Breaking Ground on the New, Eco-Friendly Sculpture Garden

There is much to celebrate about the Minneapolis Sculpture Garden’s $10 million reconstruction. The project, which kicked off in a groundbreaking ceremony this week, will breathe new life into one of Minnesota’s most iconic and cherished landmarks. If the concept art is any indicator, visitors to the reopened garden in 2017 are in for a visual treat — a landscape bursting with colors, new spaces to explore, upgraded facilities and even some exciting new sculptures.

But the sculpture garden’s transformation will be more than skin-deep. In fact, it will restore ecological balance to one of the state’s most visited places, creating a sustainable landscape that protects water quality in the Mississippi River and provides new native habitat.

To explain how, first it’s important to understand why the reconstruction is necessary. The sculpture garden was essentially built on the site of a former wetland. Nine million visitors and 28 years of Minnesota weather have pushed these wetland soils to their limit, and the once-lush garden is now littered with dead spots, erosion and increasingly hard-to-maintain landscaping.

An artist's conception of sculpture garden visitors looking at the "Fresh Meadow."
The new “fresh meadow” will act like a giant rain garden, using deep-rooted native plants to absorb stormwater runoff into the ground and filter out pollutants. (Image courtesy oslund.and.assoc)

The reconstructed sculpture garden will be different. The new landscaping has been designed in a way that embraces the site’s natural hydrology. The new “fresh meadow,” filled with deep-rooted native plants (see the illustration below), will absorb stormwater runoff while providing an attractive visual locus on the garden’s north end. Meanwhile, throughout the rest of the garden, “enhanced turf” — turfgrass with a specially engineered, sandy subsoil — will increase stability while also providing better drainage.

Stormwater runoff — frequently a source of pollution in urban areas — will become a resource for the sculpture garden. An 80,000-gallon underground cistern will hold captured stormwater runoff and excess water from the famous Spoonbridge and Cherry sculpture. From there, it can be pumped throughout the site to water the sculpture garden’s landscaping as well as the adjacent baseball field. This water reuse system is designed to meet nearly all of the site’s irrigation needs, reusing approximately 4.7 million gallons each year that would otherwise have gone into stormsewers.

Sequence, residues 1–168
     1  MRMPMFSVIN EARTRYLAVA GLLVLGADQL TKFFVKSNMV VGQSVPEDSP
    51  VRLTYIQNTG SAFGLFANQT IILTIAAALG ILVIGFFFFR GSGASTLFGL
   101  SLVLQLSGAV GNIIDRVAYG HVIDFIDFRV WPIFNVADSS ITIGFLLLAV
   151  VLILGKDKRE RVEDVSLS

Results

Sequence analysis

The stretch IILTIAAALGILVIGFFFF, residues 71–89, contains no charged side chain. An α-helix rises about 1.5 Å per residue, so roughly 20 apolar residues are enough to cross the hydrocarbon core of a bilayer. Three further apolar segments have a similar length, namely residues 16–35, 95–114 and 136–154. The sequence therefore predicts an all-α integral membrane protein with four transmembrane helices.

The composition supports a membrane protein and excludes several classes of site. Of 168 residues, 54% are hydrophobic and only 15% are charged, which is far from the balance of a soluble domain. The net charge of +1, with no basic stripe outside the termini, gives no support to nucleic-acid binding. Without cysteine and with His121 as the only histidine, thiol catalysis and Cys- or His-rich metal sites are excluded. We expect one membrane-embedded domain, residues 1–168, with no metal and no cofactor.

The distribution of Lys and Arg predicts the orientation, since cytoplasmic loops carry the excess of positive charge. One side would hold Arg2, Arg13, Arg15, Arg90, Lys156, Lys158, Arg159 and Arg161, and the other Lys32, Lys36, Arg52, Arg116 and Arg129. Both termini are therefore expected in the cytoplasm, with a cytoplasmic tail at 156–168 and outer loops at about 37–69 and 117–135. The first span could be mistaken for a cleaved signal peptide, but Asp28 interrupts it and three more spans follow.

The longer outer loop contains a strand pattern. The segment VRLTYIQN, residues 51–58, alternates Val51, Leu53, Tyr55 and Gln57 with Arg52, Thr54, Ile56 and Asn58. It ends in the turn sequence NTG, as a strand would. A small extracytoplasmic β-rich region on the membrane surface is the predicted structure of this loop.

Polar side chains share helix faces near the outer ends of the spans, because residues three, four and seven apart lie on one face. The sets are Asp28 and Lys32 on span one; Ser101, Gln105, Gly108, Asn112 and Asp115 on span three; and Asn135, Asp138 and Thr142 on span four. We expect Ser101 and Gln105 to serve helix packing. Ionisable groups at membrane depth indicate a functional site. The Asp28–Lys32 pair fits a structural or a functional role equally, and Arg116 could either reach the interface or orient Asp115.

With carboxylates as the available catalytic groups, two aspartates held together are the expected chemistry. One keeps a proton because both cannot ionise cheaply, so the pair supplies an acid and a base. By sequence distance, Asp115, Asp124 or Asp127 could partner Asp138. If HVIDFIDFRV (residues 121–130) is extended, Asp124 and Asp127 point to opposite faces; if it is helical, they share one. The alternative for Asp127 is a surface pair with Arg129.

The MWMO, in collaboration with the Minneapolis Park and Recreation Board and the Walker Art Center, has invested $1.5 million to fund these new sustainable upgrades — in part for the environmental benefits, but also for the educational opportunity it represents. Each year, hundreds of thousands of visitors will be able to observe the sculpture garden’s eco-friendly landscape features.

After it opened in 1988, one critic declared the Minneapolis Sculpture Garden “the finest new outdoor space in the country for displaying sculpture.” When it reopens in 2017, it just might also be the most sustainable.

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(Header image courtesy oslund.and.assoc)

MWMO Commissioner Kevin Reich speaking at the sculpture garden groundbreaking.
MWMO Board Chairman Kevin Reich addresses the environmental benefits of the sculpture garden’s reconstruction at the groundbreaking ceremony.
Artist's conception of visitors at the south end of the sculpture garden, looking north.
An artist’s conception of visitors at the south end of the reconstructed sculpture garden, walking north toward the Spoonbridge and Cherry. (Image courtesy oslund.and.assoc)
The planned layout of the new sculpture garden.
The planned layout of the reconstructed sculpture garden. (Image courtesy oslund.and.assoc)

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